Making up for lost time
Anna-Greta’s breakup was simple and rather undramatic. There were no big arguments, no broken dishes. Rather than parting with her long-time companion in a particularly fraught and emotional moment, the decision to leave came to her over time.
Anna-Greta recognised that they were on their own separate paths and that the time had come to part ways. And that’s how she wound up selling her Subaru Legacy to an old acquaintance. “It was all quite natural,” said Anna-Greta of the whole affair. “I don’t regret the decision at all.”
Anna-Greta doesn’t consider herself an automotive enthusiast, nor claims to have ever really cared deeply for cars. For this mother of four who also leads an international tech company in the forestry sector, a car was always a means of getting around. Car ownership was a part of her life for two decades, and through the births of her first two children.
I sat at home, and so did the car
When the third child was born into her family, which lives in a leafy suburb of the capital, the car was rarely used. Anna-Greta sat at home for months with her newborn child, and the car sat as well.
She played with the idea of getting a bigger car for a while — one that could transport not only the whole family but the family dog too. But she couldn’t find any larger vehicles she liked, and her car was getting older.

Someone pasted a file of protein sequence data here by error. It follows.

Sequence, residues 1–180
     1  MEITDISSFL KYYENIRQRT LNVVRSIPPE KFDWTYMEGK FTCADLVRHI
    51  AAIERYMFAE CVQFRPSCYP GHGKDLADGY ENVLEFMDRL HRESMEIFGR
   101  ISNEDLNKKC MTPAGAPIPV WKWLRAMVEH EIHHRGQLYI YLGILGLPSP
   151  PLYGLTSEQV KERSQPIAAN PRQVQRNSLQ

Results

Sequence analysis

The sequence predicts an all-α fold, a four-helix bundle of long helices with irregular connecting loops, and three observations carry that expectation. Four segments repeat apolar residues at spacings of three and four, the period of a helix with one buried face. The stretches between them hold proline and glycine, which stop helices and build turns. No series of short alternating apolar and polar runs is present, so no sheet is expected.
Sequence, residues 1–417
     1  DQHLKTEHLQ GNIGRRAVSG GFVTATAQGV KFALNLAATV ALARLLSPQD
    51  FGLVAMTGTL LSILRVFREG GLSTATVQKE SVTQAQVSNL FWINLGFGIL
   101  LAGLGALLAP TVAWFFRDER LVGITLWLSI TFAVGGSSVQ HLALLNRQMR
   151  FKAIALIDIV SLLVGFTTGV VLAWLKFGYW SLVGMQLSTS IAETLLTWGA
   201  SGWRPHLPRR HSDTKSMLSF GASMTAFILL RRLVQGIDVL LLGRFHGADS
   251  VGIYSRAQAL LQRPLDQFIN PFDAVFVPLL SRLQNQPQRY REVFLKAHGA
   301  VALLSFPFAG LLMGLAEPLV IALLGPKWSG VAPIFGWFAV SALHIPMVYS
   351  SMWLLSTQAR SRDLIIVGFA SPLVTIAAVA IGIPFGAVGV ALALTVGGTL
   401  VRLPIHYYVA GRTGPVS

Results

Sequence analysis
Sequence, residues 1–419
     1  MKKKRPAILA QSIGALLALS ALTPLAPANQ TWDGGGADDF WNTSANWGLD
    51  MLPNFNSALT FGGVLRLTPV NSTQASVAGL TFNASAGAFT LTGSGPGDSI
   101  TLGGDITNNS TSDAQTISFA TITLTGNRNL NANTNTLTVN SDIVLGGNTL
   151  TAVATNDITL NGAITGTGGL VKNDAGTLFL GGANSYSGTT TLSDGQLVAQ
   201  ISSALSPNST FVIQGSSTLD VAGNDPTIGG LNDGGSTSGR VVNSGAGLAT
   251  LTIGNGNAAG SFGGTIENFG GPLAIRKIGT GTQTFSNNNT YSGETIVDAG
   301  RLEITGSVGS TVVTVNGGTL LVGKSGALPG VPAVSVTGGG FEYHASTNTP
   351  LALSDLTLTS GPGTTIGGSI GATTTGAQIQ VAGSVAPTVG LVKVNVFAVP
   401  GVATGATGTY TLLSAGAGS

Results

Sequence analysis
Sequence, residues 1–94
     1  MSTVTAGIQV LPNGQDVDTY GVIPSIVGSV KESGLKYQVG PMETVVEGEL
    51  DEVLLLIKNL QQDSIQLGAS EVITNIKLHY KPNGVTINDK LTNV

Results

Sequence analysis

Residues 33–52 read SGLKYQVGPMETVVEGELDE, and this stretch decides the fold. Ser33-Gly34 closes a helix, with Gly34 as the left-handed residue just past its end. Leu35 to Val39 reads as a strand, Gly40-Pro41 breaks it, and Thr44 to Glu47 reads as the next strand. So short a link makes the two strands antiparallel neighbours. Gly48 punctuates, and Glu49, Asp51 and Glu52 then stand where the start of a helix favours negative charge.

That meant more annoying responsibilities like inspections, seasonal tyre changes, and everyday maintenance. Which, of course, meant more time and money.
When she returned to work, Anna-Greta found that she enjoyed taking her bicycle more or that, in any case, she could get a Bolt if needed. The thoughts of buying a bigger car were buried.
“With cars, the minimum monthly expense is about €250,” she said. Though that number can vary widely, car owners who also pay a lease might pay several times more on average. “As such, I spend less money using Bolt,” she said.
But the biggest win was time. With a personal car, she constantly found herself on the road or stuck in traffic to pick up and drop off kids or get groceries. Research shows that the average Londoner spent 156 hours in traffic in 2022. Now, Anna-Greta estimates she’s saved about six working hours per month by not acting as the family driver. And she repurposed the newly found time towards building her company.
Her older kids are already adept experts at using Bolt or public transport, too. And as for the younger ones? “It’s normal for them. They know that their mum travels with Bolt,” said Anna-Greta.
Anna-Greta didn’t give up driving completely — when in need, she usually opts for shared Bolt Drive cars. She’s also taken to carpooling with colleagues, which gives her more time to bond and brainstorm. “It’s a positive thing,” she added.
I was so done with that life
Anna-Greta doesn’t judge anyone for hanging on to their own cars. They have their reasons. As for her, there’s no desire to go back to car ownership. “I was just so done with that life,” said Anna-Greta.
She might take a plane, though, and soon too — Anna-Greta’s company recently opened up an office in Brazil. The company offers solutions that improve efficiency and logistics for the forestry industry, helping to maximise resource use.
Getting people to change, she noted, requires more than just new technology. Like her decision to give up her car, encouraging managers to adopt new platforms requires a shift in mentality.
“Mindset is number one,” she said, “as well as the ability to understand that it’s time to future-proof your life.”
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